skepticism

noun
skep·​ti·​cism | \ ˈskep-tə-ˌsi-zəm How to pronounce skepticism (audio) \

Definition of skepticism

1 : an attitude of doubt or a disposition to incredulity either in general or toward a particular object
2a : the doctrine that true knowledge or knowledge in a particular area is uncertain
b : the method of suspended judgment, systematic doubt, or criticism characteristic of skeptics
3 : doubt concerning basic religious principles (such as immortality, providence, and revelation)

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Choose the Right Synonym for skepticism

uncertainty, doubt, dubiety, skepticism, suspicion, mistrust mean lack of sureness about someone or something. uncertainty may range from a falling short of certainty to an almost complete lack of conviction or knowledge especially about an outcome or result. assumed the role of manager without hesitation or uncertainty doubt suggests both uncertainty and inability to make a decision. plagued by doubts as to what to do dubiety stresses a wavering between conclusions. felt some dubiety about its practicality skepticism implies unwillingness to believe without conclusive evidence. an economic forecast greeted with skepticism suspicion stresses lack of faith in the truth, reality, fairness, or reliability of something or someone. regarded the stranger with suspicion mistrust implies a genuine doubt based upon suspicion. had a great mistrust of doctors

Examples of skepticism in a Sentence

She regarded the researcher's claims with skepticism. It's good to maintain a healthy skepticism about fad diets.
Recent Examples on the Web The rules focus on how audit partners are paid—so that fees from consulting, which requires a certain degree of obsequiousness toward clients, do not overly slacken auditors’ skepticism toward those clients. Karthik Ramanna, Fortune, "The real problem with accounting firms: They don’t reward auditors that challenge clients," 11 July 2020 Amid growing skepticism about the Tokyo Olympics, a spokesperson professes optimism. oregonlive, "Despite the coronavirus pandemic, the sport continues to forge a path forward: Oregon track & field rundown," 10 July 2020 The same could be asked of Harper’s, which has made #MeToo skepticism something of a house brand. Alex Shephard, The New Republic, "The Problem With Yascha Mounk’s Persuasion," 8 July 2020 Civil rights groups expressed skepticism about the report's likelihood of leading to changes. Brian Fung, CNN, "Facebook ad boycott organizers met with Zuckerberg. It didn't go well," 7 July 2020 Discussing his decision to participate in the 2020 season, Major League Baseball umpire Joe West expressed skepticism about how many of the more than 130,000 deaths in the United States have been a result of COVID-19. Jesse Yomtov, USA TODAY, "MLB umpire Joe West, 67, skeptical of coronavirus death count, won't opt out of season," 7 July 2020 House Republican leadership, led by leader Kevin McCarthy, has already outlined a limited set of policies to combat climate change, in an effort to appease young voters tired of the party’s skepticism toward the problem. Josh Siegel, Washington Examiner, "House GOP under pressure from allies to support planks of Democratic climate plan," 7 July 2020 The regulator also is asking professional services firms to be more transparent about their audit businesses and for audit professionals to demonstrate ethical behavior and professional skepticism while conducting their work. Nina Trentmann, WSJ, "U.K. Regulator Orders Big Four to Separate Audit Practices by 2024," 6 July 2020 Riccio seized on Bush’s skepticism in his closing remarks. Tim Sullivan, The Courier-Journal, "Maximum Security's Kentucky Derby DQ appeal was about everything except interference," 18 June 2020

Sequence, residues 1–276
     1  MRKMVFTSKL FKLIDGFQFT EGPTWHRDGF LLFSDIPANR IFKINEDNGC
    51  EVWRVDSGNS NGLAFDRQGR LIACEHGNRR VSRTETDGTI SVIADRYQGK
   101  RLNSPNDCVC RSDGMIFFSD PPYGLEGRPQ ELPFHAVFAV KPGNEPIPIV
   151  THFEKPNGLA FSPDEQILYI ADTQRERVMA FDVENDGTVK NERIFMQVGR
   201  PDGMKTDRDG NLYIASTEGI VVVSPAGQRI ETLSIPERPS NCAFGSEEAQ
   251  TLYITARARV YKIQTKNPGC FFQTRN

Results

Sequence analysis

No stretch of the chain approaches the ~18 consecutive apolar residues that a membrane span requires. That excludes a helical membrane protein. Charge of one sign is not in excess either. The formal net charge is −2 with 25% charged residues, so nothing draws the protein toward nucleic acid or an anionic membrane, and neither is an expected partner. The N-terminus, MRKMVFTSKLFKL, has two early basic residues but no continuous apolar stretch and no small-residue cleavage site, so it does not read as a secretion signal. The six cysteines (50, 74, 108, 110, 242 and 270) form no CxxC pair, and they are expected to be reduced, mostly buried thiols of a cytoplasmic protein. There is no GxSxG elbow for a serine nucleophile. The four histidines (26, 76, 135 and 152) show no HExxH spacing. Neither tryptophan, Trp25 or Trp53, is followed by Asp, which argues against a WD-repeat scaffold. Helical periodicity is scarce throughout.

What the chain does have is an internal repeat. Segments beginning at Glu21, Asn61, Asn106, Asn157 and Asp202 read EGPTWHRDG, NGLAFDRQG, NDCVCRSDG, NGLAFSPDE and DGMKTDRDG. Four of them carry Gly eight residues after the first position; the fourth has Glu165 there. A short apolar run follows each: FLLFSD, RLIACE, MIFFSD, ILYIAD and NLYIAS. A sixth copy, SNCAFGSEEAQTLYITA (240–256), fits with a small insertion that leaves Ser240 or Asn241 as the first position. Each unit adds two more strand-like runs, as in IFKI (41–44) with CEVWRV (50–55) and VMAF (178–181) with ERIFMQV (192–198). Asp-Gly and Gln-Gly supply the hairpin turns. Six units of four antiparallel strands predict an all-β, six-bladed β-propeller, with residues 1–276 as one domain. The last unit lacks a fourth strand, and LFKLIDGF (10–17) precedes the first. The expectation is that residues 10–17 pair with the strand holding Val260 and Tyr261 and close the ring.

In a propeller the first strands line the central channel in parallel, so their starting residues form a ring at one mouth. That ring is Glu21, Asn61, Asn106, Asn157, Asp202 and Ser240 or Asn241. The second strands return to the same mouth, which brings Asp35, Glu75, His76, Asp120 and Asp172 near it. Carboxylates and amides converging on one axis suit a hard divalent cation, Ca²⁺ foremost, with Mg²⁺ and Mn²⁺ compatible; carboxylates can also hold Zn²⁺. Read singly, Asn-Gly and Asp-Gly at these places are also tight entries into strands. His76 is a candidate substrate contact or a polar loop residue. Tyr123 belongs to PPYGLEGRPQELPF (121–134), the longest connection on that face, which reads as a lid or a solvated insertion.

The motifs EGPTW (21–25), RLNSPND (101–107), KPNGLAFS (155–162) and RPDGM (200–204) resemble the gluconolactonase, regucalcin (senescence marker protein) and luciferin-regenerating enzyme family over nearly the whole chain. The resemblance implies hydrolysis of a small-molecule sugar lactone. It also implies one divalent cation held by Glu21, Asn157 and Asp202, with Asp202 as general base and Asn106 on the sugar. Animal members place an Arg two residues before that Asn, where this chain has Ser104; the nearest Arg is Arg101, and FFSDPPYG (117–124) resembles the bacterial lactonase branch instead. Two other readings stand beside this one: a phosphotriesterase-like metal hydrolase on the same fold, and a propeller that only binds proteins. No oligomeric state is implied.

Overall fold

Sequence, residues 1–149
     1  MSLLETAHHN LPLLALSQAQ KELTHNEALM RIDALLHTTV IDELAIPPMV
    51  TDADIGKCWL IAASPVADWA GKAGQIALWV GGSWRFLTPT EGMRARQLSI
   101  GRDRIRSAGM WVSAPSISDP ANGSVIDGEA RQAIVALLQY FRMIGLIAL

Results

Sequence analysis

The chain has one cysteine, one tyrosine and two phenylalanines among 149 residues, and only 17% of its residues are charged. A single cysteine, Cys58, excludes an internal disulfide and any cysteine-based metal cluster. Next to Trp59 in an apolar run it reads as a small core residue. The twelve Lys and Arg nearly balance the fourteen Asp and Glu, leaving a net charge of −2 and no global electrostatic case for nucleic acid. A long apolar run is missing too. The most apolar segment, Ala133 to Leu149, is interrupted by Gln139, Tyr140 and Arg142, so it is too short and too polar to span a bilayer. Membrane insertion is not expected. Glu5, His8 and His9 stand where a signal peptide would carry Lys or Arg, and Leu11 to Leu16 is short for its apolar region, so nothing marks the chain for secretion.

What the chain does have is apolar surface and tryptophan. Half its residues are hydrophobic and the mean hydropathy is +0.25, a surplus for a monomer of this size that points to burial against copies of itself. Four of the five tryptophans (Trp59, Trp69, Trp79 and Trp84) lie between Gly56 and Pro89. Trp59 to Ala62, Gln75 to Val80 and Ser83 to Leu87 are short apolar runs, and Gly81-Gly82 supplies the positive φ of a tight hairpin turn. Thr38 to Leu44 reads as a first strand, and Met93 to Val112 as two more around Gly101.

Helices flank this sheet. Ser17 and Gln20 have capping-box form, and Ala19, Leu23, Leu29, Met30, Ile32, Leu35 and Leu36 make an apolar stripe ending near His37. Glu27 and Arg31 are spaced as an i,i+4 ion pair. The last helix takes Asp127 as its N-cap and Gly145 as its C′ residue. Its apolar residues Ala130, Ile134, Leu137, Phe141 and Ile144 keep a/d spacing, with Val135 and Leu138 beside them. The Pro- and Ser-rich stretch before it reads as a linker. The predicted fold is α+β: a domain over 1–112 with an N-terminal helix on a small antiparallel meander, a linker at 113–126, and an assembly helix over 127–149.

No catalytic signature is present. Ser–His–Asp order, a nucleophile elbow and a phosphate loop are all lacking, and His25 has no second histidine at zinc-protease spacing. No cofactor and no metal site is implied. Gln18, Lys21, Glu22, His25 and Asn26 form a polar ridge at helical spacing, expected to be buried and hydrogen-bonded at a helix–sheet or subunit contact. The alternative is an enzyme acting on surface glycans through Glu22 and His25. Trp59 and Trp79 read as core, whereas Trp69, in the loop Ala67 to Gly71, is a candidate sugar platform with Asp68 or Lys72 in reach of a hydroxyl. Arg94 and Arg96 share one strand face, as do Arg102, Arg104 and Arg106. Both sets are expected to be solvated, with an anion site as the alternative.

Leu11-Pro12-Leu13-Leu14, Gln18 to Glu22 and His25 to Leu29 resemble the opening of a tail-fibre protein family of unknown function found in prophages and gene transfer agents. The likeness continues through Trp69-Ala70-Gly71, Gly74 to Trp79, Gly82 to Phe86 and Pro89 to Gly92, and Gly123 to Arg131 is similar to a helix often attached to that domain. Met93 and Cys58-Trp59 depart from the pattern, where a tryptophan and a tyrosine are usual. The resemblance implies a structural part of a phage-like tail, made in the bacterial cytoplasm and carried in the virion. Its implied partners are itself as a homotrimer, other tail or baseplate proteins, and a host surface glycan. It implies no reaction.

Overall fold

These example sentences are selected automatically from various online news sources to reflect current usage of the word 'skepticism.' Views expressed in the examples do not represent the opinion of Merriam-Webster or its editors. Send us feedback.

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First Known Use of skepticism

1646, in the meaning defined at sense 1

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Time Traveler for skepticism

Time Traveler

The first known use of skepticism was in 1646

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Statistics for skepticism

Last Updated

30 Jul 2020

Cite this Entry

“Skepticism.” Merriam-Webster.com Dictionary, Merriam-Webster, https://www.merriam-webster.com/dictionary/skepticism. Accessed 8 Aug. 2020.

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More Definitions for skepticism

skepticism

noun
How to pronounce skepticism (audio)

English Language Learners Definition of skepticism

: an attitude of doubting the truth of something (such as a claim or statement)

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